How many of us have thought about the hours of sleeping, and sleeping needs. Should I sleep 1 to 2 hours a night? Should I sleep nothing at all?
There are two processes that regulate our sleepiness: circadian rhythm and sleep pressure. And what is this, you ask? The circadian rhythm is like our internal clock, which makes us feel tired at night and awake during the day; sleep pressure is a feeling of tiredness that gets stronger and stronger, the longer we are awake.
Sleeping for 1 to 2 hours can decrease the pressure of sleep and make us feel less tired in the morning than if we were up all night. Sleeping needs are subjective. But we all go through the same sleep cycles.
Our sleep consists of several levels.
- Very light sleep phase that lasts approximately 10 minutes. It is still possible to wake up easily with any sound, the muscles start to relax, but we still wake up easily.
- The stage that we all call light sleep. The body is already relaxed and asleep, but the mind is attentive and, therefore, the person can still wake up easily with something. This level lasts about 20 minutes. In most people, it is the phase in which the body spends more time throughout all sleep cycles.
- Deep sleep phase in which the muscles relax completely, the body is less sensitive to external stimuli, such as movements or noises. This phase is very important for body repair, as the body tries to recover from small injuries that have been appearing during the day.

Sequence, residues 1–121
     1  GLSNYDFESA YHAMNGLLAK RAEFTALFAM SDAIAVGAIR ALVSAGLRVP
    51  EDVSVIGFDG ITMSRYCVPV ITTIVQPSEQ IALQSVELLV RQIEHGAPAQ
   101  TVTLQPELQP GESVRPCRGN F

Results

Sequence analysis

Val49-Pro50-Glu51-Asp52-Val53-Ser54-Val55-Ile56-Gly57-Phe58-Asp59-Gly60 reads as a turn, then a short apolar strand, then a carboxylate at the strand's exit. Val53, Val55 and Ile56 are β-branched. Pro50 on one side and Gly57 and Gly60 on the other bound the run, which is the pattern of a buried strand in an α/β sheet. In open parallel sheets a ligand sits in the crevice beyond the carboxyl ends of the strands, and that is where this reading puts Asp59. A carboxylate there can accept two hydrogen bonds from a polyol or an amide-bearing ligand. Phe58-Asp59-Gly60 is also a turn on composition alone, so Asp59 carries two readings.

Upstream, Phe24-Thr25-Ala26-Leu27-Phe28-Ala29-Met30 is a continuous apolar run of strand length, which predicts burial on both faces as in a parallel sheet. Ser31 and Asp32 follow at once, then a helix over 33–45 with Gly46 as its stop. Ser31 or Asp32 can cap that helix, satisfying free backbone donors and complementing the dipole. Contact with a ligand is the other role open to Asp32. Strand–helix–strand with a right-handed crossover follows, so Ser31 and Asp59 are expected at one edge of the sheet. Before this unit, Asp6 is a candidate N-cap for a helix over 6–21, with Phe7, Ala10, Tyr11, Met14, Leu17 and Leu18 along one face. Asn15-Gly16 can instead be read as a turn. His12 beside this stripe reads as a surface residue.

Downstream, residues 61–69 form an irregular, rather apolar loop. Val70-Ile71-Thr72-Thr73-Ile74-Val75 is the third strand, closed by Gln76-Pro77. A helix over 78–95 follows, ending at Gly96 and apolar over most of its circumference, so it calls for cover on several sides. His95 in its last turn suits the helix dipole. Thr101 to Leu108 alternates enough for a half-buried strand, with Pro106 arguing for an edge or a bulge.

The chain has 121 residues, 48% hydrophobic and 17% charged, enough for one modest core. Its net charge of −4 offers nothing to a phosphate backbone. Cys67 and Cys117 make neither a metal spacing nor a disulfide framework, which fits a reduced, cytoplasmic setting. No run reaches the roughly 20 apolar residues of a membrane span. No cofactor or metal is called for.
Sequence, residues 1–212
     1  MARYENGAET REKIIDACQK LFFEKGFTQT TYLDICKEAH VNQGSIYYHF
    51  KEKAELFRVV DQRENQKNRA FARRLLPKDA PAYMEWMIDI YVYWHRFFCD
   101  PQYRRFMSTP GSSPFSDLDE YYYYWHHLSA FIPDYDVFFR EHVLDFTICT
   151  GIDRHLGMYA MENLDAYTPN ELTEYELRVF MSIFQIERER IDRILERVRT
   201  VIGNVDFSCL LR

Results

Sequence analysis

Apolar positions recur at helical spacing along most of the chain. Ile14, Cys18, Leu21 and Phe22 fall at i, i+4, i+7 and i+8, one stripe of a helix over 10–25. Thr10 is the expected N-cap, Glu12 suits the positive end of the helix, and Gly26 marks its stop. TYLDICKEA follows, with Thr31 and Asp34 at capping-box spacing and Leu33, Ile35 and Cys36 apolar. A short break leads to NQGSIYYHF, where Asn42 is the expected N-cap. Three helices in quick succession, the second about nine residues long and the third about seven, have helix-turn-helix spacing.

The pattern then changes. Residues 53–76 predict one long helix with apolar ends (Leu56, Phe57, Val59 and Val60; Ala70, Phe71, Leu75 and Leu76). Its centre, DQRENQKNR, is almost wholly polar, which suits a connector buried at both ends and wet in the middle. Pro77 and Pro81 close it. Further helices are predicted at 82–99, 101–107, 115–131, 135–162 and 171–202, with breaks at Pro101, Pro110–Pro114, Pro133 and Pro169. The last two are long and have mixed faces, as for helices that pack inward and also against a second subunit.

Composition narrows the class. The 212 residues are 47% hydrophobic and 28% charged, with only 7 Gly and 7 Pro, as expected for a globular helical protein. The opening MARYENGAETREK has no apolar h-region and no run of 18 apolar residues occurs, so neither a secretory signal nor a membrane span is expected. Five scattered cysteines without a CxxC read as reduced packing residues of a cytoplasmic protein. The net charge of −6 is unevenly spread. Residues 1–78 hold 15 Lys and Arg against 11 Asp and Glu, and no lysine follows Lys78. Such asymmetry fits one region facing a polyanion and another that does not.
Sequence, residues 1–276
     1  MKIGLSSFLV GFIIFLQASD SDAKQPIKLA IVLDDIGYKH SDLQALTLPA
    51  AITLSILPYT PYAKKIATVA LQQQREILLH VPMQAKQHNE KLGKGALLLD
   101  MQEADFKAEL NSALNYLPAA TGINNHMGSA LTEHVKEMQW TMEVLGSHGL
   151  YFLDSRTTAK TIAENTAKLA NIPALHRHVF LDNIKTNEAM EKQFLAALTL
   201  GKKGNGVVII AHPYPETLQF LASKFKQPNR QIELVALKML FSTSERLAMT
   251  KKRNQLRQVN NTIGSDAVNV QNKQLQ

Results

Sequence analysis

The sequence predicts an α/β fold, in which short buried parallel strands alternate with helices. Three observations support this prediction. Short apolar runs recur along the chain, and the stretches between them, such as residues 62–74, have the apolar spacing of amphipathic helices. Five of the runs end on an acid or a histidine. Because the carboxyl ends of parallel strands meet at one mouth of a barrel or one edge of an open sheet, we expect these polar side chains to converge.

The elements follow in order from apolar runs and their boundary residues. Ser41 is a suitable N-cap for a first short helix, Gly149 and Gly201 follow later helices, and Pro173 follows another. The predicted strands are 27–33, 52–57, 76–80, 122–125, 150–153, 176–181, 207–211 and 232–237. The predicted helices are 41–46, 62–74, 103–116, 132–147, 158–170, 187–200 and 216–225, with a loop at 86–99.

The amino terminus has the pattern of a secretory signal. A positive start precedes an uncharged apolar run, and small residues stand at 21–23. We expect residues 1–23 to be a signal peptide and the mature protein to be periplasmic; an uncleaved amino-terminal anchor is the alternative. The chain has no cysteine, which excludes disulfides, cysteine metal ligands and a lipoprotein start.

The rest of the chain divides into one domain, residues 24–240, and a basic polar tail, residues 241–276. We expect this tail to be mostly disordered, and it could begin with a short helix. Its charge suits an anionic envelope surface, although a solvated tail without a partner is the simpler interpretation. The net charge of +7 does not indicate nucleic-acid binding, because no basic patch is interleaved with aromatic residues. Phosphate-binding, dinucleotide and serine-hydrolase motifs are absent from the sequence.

- Last but not least, on the contrary, this phase of the sleep cycle lasts about 10 minutes. It usually occurs 90 minutes after falling asleep. In this phase, the eyes move very quickly (hence the acronym REM – Rapid Eye Movement), the heartbeat increases, and dreams appear. The REM phase takes longer with each sleep cycle, reaching up to 20 or 30 minutes in duration
In other words, … should I sleep for an hour or not to sleep?
Many reasons sometimes allow us to only get an hour of sleep a night, although it is never recommended in a long term. It took us a week to have a body recover from a bad night’s sleep. Imagine what it takes if we sleep 1h or nothing, for a day or several?
Given that the completion of a sleep cycle takes 90 minutes, it is recommended that the person arrange this time and rest a little at the end of the day, as he will be able to recover the rest he needs to function.
However, more than ideal, it would be a 15-to-20-minute nap.
When we sleep for 1 hour, the time to wake up likely coincides with the time that elapsed during phase 4 (deep sleep). For those who question, why after a nap, considered “great”, you feel even more tired, it is easy!
We forced ourselves to wake up when our body was going through the deepest part of our sleep. Something that, if it takes too long to do while we sleep, imagine when we are already up, facing life.
So, advice? It is worth sleeping for another 30 minutes (1 hour and a half), or less 30, coinciding this time with fewer deep phases of sleep, to wake up with the energy we need!
The solution is to rest without falling asleep or to rest beyond deep sleep.